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Private Investors Squeezed Out Of Hedge Fund Market

by Phillip Morton, Investors

01 December 2005

The spectacular growth in hedge funds over the last couple of years has seen the traditional client base of the alternative asset management universe, formerly the preserve of ultra wealthy private investors, squeezed out by increasing participation in the industry from institutional investors.

It was only five years ago that, according to Tanya Styblo Beder, who runs Tribeca Global Management hedge fund, the overwhelming majority of the then $500 million of assets managed by hedge funds were from wealthy individuals. Now, the landscape has changed markedly, and the proportion of private investors' assets with hedge funds has declined through a combination of institutional muscle and hedge funds' decline as a tool to hedge against falling equity prices.

"If we go forward to the year 2010, it's estimated that 80 percent of the assets under management in the hedge fund industry will be from institutions. So it's a big switch that's happening," Tanya Styblo Beder was quoted as observing by Reuters.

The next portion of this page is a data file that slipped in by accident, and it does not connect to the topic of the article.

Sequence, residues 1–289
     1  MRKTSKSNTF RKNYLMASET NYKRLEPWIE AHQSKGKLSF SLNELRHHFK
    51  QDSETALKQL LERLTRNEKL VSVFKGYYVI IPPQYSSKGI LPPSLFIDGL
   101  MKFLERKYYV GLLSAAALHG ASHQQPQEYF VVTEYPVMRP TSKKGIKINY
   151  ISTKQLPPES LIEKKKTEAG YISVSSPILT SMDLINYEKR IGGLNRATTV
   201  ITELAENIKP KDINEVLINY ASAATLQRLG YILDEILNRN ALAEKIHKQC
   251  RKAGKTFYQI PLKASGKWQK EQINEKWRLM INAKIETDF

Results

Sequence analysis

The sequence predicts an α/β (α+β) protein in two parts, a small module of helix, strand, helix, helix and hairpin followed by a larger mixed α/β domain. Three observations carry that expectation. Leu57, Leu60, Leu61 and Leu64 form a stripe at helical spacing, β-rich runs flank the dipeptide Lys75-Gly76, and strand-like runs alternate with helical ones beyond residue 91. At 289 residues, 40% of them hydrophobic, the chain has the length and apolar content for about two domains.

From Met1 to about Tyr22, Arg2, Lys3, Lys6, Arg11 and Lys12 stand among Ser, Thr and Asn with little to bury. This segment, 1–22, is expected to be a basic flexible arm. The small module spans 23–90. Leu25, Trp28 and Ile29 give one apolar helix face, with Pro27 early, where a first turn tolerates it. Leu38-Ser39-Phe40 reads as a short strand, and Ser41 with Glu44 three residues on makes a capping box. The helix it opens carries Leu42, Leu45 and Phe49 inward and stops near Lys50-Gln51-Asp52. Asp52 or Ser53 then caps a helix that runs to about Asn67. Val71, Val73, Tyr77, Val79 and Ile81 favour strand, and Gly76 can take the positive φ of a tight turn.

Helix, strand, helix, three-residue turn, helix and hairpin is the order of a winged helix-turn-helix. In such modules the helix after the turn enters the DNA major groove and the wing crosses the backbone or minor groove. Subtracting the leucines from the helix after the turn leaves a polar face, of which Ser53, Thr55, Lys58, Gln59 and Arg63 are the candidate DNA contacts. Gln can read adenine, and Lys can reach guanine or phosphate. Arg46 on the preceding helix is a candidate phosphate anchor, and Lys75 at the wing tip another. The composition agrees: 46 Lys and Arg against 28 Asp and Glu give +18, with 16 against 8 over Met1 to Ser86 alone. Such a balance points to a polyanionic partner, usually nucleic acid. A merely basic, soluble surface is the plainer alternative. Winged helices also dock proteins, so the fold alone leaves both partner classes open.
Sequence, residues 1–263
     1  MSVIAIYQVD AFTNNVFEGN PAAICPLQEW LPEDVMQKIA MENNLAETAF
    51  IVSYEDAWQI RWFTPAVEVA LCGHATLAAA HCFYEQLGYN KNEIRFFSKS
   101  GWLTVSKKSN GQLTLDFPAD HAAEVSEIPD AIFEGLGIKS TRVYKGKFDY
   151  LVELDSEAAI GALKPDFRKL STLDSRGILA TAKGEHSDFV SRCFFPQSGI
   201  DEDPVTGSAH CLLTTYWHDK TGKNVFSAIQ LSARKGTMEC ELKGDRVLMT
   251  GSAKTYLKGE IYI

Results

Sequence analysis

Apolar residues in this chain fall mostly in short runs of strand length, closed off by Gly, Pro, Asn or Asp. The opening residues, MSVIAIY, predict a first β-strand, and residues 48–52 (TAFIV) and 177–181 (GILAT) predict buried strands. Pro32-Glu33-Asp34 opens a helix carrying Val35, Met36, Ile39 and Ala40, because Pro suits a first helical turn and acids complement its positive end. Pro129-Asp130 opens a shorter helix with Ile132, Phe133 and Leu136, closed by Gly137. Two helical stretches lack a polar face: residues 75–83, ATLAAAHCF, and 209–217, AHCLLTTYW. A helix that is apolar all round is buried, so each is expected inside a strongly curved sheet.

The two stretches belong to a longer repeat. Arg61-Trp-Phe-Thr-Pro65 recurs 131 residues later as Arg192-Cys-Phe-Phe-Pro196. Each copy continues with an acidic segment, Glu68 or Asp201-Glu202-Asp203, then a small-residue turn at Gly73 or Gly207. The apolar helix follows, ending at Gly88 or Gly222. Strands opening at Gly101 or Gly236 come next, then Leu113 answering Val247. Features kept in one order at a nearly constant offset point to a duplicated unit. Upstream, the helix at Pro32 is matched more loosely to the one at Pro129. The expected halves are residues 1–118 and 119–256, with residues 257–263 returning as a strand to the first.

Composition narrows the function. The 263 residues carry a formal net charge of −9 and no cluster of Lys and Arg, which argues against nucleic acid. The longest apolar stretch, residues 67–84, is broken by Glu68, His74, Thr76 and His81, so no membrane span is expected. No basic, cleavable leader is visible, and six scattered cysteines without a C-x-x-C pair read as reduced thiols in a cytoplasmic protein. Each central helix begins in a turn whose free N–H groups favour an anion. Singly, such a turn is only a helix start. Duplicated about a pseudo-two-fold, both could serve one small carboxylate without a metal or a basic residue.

Data provided by IFS, a UK financial lobby, has revealed that only 44 percent of the assets in the industry came from wealthy people in 2004, down from more than 60 percent in 1996. Institutions accounted for roughly 30 percent of inflows in 2004, a number expected to rise to 50 percent by 2008.

While the growth in the hedge fund industry, which now manages more than $1 trillion in assets, was fuelled by their ability to make double digit returns by short-selling shares as equity markets plummeted, it is thought that less than impressive returns in 2004 and 2005 while these markets have rallied, has deterred many new private investors from committing money to hedge funds.

"Interest in hedge funds, certainly from a private client perspective, is waning, because they see that there are again decent returns to be made in equity markets," noted Stan Beckers, a hedge fund manager at Barclays Global Investors.

Furthermore, hedge fund fees, which typically constitute a 2% management fee and a 20% performance fee, may also be acting as a barrier to private investors. With their financial clout, institutional investors can often negotiate more favourable fee structures fees with hedge fund managers.

A comprehensive report in our Intelligence Report series examining offshore investment, offshore stock exchanges, and hedge funds is available in the Lowtax Library at and a description of the report can be seen at

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